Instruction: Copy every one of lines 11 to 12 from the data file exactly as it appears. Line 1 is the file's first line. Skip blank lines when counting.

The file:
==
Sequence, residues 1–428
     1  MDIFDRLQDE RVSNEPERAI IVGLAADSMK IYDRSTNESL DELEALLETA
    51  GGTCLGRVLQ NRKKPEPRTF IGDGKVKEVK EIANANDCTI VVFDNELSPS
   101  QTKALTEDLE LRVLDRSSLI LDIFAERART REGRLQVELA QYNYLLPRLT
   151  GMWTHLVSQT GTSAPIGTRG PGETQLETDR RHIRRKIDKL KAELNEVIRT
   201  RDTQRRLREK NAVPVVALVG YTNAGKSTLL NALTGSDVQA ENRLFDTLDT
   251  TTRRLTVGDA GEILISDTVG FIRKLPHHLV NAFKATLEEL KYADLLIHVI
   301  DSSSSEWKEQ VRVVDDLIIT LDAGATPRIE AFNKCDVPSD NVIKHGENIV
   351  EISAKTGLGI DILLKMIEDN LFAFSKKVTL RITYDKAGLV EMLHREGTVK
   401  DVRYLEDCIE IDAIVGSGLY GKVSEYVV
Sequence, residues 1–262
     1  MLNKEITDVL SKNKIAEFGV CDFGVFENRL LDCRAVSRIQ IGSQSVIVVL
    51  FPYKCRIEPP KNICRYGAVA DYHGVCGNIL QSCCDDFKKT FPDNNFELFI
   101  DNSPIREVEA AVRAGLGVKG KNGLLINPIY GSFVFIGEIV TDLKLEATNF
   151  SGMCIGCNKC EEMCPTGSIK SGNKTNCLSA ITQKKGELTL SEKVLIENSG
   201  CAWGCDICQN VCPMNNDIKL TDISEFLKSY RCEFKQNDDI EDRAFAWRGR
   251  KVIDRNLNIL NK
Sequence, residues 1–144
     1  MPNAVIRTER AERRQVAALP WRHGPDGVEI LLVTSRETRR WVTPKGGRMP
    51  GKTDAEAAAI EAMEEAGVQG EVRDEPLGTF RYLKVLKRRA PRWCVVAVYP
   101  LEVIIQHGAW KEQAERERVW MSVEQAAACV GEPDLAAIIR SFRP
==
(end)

Sequence, residues 1–262
     1  MLNKEITDVL SKNKIAEFGV CDFGVFENRL LDCRAVSRIQ IGSQSVIVVL